Three examples of how & why the little things matter


A good friend of mine only uses UPS to ship packages. Why? His dog can hear the UPS driver from a couple blocks away and gets excited. The UPS driver brings doggie treats. The FedEx driver? Not so much.

That’s a loyal UPS driver not because of delivery, or price, or convenience. But because of doggie treats.

A former colleague was loyal to the point of bragging about a particular office supply shop. She rarely visited, and instead placed orders via phone and online. Why? Every time a box arrived, it had her order, plus an invoice, plus a little Ziploc bag of candy. Just a couple pieces. But it made her happy.

She could have bought those office supply commodities anywhere. But she bought forever from only that small office supply shop. Because of candy.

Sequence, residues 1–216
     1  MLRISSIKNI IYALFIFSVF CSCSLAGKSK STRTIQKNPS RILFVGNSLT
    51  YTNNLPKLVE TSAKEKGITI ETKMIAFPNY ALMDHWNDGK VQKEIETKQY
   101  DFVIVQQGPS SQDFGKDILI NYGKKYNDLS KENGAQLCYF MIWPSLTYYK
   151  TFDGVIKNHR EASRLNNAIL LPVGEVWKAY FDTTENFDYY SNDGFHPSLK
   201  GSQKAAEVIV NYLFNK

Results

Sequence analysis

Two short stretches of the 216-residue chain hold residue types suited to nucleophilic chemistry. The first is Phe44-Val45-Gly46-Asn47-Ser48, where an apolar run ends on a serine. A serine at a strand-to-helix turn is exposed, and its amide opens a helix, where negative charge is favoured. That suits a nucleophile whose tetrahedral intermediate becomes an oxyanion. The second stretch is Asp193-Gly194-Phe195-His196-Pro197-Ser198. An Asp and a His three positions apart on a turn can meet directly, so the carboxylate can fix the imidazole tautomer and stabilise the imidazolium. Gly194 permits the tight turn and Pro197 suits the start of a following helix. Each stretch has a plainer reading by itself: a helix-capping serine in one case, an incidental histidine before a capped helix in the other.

If you enter the Norton Building in downtown Seattle, you’ll be greeted enthusiastically by the man behind the reception desk. These desks exist in many office buildings in many downtowns across town and across the country, but most are staffed by gruff men and women who grudgingly speak only when spoken to.

At the Norton building, he remembers your name. He remembers what you said you were going to do over the weekend.

I’ve heard of four companies who renewed their lease in this building and booked events at the top floor Harbor Club in part because of that attendant.

The little things matter. They are material. They will make you money.